Paul Gendron is pretty happy with the freedom his new car brings. A fairly recent purchase, it gets him to dialysis and he doesn’t have to rely on someone else – as he did during the early months of the COVID-19 pandemic.
Oak Bay Volunteer Services Society set the rides up, leaving the patient worry free.
“Gordon was really committed and I felt very secure. I could always count on him,” Gendron said.
The driver, Gordon Alexander, has a tendency to save stuff. When the pandemic started, he happened to have an extra shower curtain that he hung between the front and back seats of his minivan creating a simple, but effective, separation.
When the opportunity came along to drive someone on a regular basis for 10-minute trips, it sounded ideal. Turned out he knew Gendron, who had been a tenant years before. He remembered Gendron as a fine, modest and thoughtful guy, who it seems needed a little help through some profound health limitations.
“I knew his character, I knew his need through the volunteers. It was somewhat personal as well as just a more general service to the community,” Alexander said.
Three days a week, twice a day, the pair drove between Oak Bay and Royal Jubilee Hospital so Gendron could get dialysis.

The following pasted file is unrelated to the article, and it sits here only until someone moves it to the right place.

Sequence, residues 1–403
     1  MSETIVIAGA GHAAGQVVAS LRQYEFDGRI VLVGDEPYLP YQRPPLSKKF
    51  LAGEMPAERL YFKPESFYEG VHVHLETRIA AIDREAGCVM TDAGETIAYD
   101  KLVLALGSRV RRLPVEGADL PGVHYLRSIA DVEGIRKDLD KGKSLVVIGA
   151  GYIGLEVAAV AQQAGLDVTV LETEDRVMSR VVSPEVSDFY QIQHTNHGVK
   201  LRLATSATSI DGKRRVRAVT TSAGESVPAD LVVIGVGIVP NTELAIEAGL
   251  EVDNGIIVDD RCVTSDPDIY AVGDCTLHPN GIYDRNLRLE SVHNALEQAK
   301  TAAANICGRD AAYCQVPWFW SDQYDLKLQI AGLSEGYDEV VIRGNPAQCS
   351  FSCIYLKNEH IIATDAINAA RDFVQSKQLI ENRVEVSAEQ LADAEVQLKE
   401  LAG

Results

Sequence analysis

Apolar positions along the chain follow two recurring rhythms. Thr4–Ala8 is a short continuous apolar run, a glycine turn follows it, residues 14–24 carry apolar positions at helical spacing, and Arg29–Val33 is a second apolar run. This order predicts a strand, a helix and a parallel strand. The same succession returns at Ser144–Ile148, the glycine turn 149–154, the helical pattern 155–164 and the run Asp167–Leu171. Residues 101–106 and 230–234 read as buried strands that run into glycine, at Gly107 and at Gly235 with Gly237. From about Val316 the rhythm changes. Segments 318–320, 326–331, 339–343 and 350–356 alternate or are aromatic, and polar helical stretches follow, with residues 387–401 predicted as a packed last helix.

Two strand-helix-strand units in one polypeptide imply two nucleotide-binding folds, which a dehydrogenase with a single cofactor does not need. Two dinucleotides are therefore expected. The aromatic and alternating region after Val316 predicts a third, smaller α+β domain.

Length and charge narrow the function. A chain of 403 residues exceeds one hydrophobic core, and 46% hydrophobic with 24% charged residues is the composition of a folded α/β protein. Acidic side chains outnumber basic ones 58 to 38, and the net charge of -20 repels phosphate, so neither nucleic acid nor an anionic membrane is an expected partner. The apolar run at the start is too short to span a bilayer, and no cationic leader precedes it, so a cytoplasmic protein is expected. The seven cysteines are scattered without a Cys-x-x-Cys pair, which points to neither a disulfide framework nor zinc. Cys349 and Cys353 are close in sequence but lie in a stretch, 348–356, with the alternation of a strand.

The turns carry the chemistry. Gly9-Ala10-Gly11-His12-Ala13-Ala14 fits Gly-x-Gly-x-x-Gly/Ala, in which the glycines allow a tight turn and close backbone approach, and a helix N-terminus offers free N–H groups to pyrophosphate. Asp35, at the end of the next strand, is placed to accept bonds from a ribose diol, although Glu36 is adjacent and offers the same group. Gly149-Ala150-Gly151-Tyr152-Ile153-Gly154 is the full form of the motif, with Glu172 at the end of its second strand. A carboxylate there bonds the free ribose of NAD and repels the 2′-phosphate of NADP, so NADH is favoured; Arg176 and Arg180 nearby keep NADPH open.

“What would stand out for me is how the cumulative effect of a small action on my part, could have a major impact on somebody else’s life,” Alexander said.
Alexander, a 16-year volunteer with Oak Bay Volunteer Services Society, is among the many unpaid essential workers of the pandemic, said Renee Lorme-Gulbrandsen, society executive director.
With connections in other parts of North America and the world, Lorme-Gulbrandsen had indications something serious may be on the way. She sent out letters in early 2020 alerting clients and volunteers.
“My planning started in February before the pandemic even hit the community,” she said. Volunteers put plans in place for the roster of clients who didn’t have family and friends around, and would need extra care. They shifted modes to critical services such as shopping and delivery of groceries and medication. They embarked on wellness calls and watched for mental health concerns.
“Thousands of volunteers in the community were still supporting people, not being paid for it, but supporting people because it was important,” Lorme-Gulbrandsen said.
While some volunteers took hiatus for a variety of safety reasons there was a jump in the 55 and younger category. Fifty new volunteers signed up when workers and students started working from home.
Anyone looking to add to that roster can visit oakbayvolunteers.org.